Dykes of jotunitic (high-Ti ferromonzodiorite and quartz-ferromonzodiorite) affinity cut rapakivi-like granites and anorthosites of the northern and western parts of the KPC, as well as country rocks. Dykes are usually less than 10 m thick and up to few hundred metres long. There are two exceptions: the Zvizdal-Zalissya and the Rudnya Bazarska dykes (Fig. 1) occur as wide (up to 1500 m) and long (up to 18 km) high-Ti monzonitic dolerite bodies. In the Bondary open pit jotunites occur as a series of subhorizontal (sill-like) bodies up to 3-4 m thick that intrude rapakivi-like granites of the Korosten complex and have clear glassy contacts against the host granites (Fig. 2a). Jotunitic dykes are often laden with plagioclase phenocrysts (Fig. 2b) and are described in the literature under the names “plagioporphyrite” or “plagiophyric dolerite”. The chilled margins of gabbroic massifs that constitute a part of the KPC, have compositions similar to jotunitic dykes and share features that include the presence of variable amounts of K-feldspar, and correspondingly high K2O contents (0.90-3.89 %). They also have high TiO2 (1.91-3.77 %) and P2O5 (0.45-1.87 %) contents at relatively low Mg# (21-46). Concerning their chemistry, ferromonzodiorite dykes and chilled margins are broadly similar to rocks known as jotunites in other AMCG complexes worldwide (Duchesne et al., 1985; Owens et al., 1993; Robins et al., 1997; Vander Auwera et al., 1998; Wiszniewska et al., 2002). Jotunites probably represent initial melts for basic rocks of the Ukrainian AMCG complexes as can be concluded from their occurrence as chilled margins of gabbroic massifs.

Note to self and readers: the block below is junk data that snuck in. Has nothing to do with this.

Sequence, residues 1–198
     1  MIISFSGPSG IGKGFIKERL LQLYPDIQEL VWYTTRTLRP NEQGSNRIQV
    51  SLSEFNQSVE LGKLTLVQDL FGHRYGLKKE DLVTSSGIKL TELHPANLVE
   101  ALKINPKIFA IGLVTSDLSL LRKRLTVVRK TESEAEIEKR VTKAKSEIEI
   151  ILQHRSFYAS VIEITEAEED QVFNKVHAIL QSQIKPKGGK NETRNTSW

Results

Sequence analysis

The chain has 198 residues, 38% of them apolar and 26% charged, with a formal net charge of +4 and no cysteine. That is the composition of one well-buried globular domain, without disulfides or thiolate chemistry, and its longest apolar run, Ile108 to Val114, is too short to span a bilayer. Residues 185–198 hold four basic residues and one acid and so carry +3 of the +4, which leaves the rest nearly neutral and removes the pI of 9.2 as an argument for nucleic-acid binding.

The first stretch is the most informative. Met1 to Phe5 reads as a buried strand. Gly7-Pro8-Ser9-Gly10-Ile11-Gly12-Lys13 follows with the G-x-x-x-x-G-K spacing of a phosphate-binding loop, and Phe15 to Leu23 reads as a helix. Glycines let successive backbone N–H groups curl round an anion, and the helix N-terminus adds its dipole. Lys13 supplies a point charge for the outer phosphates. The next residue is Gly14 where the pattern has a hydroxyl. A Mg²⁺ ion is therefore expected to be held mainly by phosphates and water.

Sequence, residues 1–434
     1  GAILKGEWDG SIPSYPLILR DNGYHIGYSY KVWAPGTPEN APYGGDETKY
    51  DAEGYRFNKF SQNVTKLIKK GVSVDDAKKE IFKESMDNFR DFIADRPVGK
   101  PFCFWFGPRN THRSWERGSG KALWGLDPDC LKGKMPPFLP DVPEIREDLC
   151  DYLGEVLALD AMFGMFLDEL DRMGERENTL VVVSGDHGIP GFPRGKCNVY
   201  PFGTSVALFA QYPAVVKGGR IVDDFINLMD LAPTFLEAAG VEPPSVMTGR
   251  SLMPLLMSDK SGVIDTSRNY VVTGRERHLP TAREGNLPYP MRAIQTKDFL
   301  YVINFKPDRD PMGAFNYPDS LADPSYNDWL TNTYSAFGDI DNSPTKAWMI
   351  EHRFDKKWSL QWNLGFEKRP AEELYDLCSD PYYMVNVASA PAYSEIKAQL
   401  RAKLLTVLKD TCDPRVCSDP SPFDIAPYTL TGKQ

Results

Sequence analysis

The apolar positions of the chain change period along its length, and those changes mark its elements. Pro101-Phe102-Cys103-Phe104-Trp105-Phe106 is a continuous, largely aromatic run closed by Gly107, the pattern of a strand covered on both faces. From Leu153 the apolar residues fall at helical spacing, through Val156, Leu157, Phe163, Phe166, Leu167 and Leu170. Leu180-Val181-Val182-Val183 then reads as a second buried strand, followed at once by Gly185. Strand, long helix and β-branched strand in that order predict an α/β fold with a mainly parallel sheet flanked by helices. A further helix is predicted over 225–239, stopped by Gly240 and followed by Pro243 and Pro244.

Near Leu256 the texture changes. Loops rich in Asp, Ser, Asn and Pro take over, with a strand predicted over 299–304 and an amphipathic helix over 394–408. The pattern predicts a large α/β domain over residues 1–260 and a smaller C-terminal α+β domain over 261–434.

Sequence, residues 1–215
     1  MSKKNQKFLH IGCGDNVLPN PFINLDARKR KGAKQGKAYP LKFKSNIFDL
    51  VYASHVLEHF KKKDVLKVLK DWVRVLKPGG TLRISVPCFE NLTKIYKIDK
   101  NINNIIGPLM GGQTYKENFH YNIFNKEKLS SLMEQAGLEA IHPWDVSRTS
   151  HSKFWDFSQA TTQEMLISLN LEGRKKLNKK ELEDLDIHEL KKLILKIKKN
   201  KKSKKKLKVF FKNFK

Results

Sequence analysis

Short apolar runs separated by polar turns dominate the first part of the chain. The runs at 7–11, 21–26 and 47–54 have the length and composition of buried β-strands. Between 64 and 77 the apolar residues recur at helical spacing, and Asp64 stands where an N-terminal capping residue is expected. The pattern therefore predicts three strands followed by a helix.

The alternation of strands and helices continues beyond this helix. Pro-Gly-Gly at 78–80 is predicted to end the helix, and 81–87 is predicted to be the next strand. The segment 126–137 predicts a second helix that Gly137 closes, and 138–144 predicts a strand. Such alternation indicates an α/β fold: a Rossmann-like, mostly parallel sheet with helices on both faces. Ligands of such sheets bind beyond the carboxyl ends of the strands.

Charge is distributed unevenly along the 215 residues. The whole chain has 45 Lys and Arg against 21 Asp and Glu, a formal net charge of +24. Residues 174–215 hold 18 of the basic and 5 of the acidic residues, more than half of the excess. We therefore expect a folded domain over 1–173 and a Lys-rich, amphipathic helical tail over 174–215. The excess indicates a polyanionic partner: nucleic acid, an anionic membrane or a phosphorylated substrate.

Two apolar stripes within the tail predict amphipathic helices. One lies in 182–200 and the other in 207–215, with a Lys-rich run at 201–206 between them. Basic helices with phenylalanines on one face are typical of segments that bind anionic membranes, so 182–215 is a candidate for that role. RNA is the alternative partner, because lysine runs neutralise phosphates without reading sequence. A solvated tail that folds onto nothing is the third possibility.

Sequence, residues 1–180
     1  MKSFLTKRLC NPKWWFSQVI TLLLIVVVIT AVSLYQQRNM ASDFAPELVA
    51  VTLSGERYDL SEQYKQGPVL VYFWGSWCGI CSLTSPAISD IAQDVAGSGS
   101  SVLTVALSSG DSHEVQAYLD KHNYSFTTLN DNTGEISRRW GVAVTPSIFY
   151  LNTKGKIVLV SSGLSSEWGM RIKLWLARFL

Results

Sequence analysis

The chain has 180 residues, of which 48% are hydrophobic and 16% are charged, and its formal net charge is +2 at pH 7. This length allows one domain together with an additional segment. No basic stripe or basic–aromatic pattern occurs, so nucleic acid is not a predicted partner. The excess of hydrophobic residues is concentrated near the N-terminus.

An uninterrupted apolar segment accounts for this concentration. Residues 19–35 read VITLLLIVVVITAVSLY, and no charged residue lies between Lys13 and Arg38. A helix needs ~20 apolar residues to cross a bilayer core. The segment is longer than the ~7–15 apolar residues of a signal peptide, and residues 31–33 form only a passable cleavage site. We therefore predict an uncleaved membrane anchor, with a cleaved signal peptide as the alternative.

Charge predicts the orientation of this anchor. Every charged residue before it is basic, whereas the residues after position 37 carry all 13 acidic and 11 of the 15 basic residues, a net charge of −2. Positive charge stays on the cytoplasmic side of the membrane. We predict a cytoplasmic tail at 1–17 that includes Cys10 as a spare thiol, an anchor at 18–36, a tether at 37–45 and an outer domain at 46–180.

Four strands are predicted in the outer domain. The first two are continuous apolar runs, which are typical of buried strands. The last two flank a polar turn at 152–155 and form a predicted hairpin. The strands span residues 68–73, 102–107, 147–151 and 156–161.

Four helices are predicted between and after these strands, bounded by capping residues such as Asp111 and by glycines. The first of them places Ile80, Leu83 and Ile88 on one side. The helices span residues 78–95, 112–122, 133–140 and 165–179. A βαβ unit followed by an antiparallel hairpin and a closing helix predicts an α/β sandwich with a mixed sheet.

Geochronological data for the jotunitic dykes is scarce. Amelin et al. (1994) have obtained a concordant age of 1760.7 ± 1.7 Ma for a plagioclase-porphyritic dolerite dyke that crops out nearby the Pugachivka village. A zircon age of 1799 ± 10 Ma was obtained for jotunitic dolerite of the Bilokorovychi dyke swarm (Shumlyanskyy and Mazur 2010). Finally, Lubnina et al. (2009) reported a U-Pb zircon age of 1751 ± 12 Ma for the Bondary jotunite sill.

Fig. 2a. Glassy contact of the Bondary jotunite sill (below the coin) with host granites

Fig. 2b. Plagiophyre jotunite dyke near the Puhachivka village

Discussion and conclusion

Geochemical and isotopic data indicate a moderately-depleted mantle source for tholeiite magmatism of the Northwestern region of the Ukrainian shield (Shumlyanskyy et al. 2012; Bogdanova et al. 2013). The melting most probably occurred at a relatively shallow depth in the spinel peridotite stability field. Tholeiite melts intruded into the crust and ponded at the mantle-crust boundary.